Date: 30/06/2015 | By: Heather
The All-In-One Macro Solution – Raynox DCR-250 Review
I recently came across a bargain I couldn’t refuse. The Raynox DCR-250, a macro conversion lens that I’ve been eyeing ever since reading a positive review on Eyes Unclouded, was available for about 1/4th of the original price. Needless to say, I snapped it up faster than plucky seagulls do ice cream!
Now, I already own a macro lens – the wonderful M.Zuiko 60mm f/2.8 – and it is a mainstay in our collection. However, being a lover of the genre, I also felt the need for a secondary macro solution that I could use with any lens in our collection regardless of the brand. After all, there is nothing worse for a macro enthusiast than to come across a rare insect or flower in the field and not have the right lens for the job!
The DCR-250 is one of five macro converters from Raynox, a well-respected Japanese producer of conversion lenses of all sorts. According to the website, it has been designed for the experienced macro photographer. This is because it offers a much shallower depth of field than other converters in the collection, making it more challenging to achieve perfect focus.
Now that I’ve been using it for just over two weeks, I feel I can deliver a pretty fair verdict about this alternative macro solution. Curious to know more? Then let’s keep reading!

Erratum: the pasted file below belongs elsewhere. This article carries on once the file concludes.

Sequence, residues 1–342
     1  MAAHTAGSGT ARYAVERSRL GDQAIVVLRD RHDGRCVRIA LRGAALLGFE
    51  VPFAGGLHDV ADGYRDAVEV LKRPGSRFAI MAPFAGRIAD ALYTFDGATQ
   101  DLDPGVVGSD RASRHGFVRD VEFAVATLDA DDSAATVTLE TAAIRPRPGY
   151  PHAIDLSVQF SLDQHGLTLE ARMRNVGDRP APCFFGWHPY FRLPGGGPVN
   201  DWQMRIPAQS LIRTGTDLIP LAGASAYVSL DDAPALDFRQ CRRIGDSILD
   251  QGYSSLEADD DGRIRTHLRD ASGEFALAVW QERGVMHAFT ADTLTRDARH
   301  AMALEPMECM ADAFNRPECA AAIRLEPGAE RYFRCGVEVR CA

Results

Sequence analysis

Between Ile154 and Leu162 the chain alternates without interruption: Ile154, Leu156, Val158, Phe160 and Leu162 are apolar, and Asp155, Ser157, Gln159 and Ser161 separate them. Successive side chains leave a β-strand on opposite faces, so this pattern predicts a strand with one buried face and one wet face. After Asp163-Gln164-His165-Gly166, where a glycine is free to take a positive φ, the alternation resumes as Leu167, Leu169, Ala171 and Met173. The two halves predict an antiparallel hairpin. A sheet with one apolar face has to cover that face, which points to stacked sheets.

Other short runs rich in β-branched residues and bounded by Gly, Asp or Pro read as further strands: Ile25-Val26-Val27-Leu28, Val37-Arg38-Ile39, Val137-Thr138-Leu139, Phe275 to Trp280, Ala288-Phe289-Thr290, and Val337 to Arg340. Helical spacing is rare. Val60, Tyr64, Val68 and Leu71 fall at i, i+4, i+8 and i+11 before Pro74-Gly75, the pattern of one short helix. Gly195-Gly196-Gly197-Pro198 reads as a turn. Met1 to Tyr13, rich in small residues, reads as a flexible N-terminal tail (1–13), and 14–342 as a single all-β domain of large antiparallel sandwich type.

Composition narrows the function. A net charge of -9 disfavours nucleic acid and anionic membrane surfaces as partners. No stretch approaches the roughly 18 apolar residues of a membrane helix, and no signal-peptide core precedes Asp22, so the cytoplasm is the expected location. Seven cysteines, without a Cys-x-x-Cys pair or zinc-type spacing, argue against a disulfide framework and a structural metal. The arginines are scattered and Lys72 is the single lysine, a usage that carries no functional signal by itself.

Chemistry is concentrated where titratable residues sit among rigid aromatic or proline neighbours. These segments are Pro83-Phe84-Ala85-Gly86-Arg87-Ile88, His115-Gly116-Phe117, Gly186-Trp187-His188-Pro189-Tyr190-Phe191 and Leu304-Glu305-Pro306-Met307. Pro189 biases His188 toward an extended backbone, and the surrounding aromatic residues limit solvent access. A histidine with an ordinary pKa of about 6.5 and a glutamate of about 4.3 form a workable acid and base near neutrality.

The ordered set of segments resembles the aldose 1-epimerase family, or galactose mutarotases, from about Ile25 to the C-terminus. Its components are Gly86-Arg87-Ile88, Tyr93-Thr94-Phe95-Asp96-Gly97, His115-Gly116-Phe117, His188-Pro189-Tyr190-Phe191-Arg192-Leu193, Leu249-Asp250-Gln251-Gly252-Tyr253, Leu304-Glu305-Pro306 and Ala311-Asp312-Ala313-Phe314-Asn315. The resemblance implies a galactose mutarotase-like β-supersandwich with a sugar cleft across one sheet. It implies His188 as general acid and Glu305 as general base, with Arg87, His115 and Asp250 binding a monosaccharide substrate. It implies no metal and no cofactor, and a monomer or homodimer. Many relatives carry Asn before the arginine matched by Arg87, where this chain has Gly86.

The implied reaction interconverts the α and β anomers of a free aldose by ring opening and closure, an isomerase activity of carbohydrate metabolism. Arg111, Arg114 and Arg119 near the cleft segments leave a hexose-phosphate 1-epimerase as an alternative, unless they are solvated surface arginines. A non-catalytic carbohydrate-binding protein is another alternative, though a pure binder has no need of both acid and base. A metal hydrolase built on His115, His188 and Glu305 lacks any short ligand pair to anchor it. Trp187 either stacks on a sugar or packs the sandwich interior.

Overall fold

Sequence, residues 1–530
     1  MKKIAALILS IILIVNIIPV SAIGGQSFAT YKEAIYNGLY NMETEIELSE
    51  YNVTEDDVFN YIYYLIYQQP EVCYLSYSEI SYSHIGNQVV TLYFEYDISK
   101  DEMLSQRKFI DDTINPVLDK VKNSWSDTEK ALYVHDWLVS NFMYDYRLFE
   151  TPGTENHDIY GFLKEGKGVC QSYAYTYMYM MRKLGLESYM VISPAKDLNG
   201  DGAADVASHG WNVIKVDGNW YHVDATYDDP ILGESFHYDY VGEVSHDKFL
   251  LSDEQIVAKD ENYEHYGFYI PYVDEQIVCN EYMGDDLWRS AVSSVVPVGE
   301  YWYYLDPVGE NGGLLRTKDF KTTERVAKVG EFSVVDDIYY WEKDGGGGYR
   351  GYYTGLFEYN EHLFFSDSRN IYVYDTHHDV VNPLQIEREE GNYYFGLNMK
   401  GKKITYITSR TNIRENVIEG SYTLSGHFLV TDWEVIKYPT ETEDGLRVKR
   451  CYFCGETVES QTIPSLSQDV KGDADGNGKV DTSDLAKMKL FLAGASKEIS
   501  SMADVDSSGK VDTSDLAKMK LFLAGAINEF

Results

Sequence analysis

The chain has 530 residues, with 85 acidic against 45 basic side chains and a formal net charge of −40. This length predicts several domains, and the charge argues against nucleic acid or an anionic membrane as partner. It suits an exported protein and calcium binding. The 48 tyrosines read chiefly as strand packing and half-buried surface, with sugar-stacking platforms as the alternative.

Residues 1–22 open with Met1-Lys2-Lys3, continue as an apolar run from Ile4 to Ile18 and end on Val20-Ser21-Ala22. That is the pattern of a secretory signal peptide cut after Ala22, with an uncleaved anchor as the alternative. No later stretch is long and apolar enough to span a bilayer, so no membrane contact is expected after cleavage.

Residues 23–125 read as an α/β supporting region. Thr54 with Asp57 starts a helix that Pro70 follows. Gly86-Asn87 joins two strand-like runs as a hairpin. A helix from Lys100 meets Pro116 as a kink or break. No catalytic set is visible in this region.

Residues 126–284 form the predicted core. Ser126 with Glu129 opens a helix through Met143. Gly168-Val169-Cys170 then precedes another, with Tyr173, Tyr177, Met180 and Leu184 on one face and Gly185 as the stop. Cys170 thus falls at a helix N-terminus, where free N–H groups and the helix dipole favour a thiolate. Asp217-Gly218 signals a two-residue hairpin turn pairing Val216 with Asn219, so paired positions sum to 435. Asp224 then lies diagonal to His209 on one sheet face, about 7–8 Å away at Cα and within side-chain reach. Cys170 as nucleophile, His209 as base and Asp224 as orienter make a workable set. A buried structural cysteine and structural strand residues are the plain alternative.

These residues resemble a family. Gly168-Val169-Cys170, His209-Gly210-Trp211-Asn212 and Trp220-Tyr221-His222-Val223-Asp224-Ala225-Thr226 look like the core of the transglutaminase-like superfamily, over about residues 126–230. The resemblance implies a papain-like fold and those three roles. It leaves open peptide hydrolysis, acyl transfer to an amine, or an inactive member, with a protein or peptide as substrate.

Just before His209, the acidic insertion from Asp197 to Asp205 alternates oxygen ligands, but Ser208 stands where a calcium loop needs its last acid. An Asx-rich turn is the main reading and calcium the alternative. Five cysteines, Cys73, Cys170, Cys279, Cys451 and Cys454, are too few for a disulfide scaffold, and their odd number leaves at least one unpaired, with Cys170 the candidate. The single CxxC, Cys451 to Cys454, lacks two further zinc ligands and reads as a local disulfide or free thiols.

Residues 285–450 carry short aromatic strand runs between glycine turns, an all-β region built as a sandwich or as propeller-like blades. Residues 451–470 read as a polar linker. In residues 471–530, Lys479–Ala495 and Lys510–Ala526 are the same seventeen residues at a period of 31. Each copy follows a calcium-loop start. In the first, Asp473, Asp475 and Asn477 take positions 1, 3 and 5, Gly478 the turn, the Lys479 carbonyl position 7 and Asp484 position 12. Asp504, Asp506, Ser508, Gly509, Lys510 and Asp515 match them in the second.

Design and Build Quality
The Raynox 250 consists of two main parts: a clip-on mount that will fit any thread size between 52mm and 67mm, and a lens made of 3 high index optical glass elements in 2 groups. The lens comes with a plastic lens cap and rear cap for protection. In practice, it can be used with any focal length but vignetting becomes an issue below 75mm (35mm equivalent).
In most cases, you have to screw the lens onto the mount and clip the combo onto the thread of your camera’s lens. However, it can also be used on its own with any lens that has a 43mm filter thread. For lenses that are smaller or larger than the parameters of the mount, the only option is to buy a step-up or down adapter, most of which are very affordable.
The build quality of the DCR-250 is of a very high standard. The mount is made of durable plastic with two loaded springs on either side that allow it to clip onto a lens. So securely does it latch onto the filter thread that I’ve never worried about it falling off. Screwing the lens onto the mount is also a breeze. The only part I find somewhat fiddly is the lens cap, as it isn’t very easy to remove from the lens.
The kit comes inside a very nice transparent plastic box that has plenty of room not only for the adapter and lens but also any extra step-up or step-down adapters you might purchase.
Ease of Use
Being very used to the M.Zuiko 60mm f/2.8 macro lens, I found the transition to the Raynox 250 quite smooth. Focussing is easy as long as you are at the right working distance, which will vary from lens to lens. (I will cover this topic more below.) The best results can be achieved by using a slow aperture (between f/8 and f/16 is ideal) along with a flash and a sturdy tripod.